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Abstract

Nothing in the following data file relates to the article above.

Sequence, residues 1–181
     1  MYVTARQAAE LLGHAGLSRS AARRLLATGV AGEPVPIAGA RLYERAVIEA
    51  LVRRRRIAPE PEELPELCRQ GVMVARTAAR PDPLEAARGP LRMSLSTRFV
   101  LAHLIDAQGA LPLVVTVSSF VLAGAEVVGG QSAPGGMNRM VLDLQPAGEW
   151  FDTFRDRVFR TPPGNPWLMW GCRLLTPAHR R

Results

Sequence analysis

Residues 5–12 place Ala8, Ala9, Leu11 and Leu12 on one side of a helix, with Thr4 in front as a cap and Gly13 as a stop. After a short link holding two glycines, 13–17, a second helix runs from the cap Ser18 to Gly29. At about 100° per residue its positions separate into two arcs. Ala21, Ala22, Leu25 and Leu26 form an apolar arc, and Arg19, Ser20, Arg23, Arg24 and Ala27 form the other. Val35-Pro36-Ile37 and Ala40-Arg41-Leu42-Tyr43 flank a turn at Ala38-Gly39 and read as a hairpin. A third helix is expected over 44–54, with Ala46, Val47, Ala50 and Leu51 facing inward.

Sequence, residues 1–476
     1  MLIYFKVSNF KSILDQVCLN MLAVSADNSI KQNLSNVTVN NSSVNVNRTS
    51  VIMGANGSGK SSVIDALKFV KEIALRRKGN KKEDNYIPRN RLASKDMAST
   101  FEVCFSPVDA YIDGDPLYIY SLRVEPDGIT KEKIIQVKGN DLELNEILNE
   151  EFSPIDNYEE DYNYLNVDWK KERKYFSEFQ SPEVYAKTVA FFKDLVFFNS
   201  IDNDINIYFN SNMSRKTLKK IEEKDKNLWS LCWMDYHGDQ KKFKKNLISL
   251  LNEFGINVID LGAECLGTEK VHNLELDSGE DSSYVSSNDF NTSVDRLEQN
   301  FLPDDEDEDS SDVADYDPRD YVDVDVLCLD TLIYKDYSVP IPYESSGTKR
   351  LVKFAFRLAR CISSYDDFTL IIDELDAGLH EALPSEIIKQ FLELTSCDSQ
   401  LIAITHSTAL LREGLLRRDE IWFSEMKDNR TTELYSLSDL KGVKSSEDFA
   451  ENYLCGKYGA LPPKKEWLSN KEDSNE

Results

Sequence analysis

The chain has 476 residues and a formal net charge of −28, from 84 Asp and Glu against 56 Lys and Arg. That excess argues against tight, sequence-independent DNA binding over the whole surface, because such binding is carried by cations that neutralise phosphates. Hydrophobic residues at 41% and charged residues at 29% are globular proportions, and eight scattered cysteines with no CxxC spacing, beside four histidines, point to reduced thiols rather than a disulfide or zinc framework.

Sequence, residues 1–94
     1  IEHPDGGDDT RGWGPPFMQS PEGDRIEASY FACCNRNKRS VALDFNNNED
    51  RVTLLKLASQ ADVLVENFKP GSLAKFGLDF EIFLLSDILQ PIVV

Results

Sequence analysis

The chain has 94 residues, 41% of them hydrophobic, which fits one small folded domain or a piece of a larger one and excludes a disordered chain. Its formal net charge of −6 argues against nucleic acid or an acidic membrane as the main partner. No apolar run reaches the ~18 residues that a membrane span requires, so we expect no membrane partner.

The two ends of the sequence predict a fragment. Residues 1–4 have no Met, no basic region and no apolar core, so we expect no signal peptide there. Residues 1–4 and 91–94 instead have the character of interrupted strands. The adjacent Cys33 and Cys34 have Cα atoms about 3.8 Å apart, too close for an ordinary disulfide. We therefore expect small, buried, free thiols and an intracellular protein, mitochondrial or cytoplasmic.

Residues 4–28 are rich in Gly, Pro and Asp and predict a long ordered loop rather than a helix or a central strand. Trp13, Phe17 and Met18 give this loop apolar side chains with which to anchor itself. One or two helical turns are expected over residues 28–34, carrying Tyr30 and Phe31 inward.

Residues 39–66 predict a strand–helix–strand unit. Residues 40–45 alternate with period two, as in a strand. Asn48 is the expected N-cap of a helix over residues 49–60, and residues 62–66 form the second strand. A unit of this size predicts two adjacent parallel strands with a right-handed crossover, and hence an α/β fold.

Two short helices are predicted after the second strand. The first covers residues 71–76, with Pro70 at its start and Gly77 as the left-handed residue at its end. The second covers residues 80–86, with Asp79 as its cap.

Historical sociology has achieved a reasonable degree of respectability in the discipline, and there is much interesting work being produced. But a pronounced aspect of much of this work is an indifference to the question of the value of studying the past as a way to understanding the present. This article argues that, rather than trying to outdo the historians by producing “better,” more theoretically sophisticated history, sociologists would better advance the case for historical sociology by showing how any particular historical study helps illuminate contemporary concerns. The article draws upon the writings of C. Wright Mills and Alexis de Tocqueville to show not just the need for historical sociology but also as indications of how this might best be done.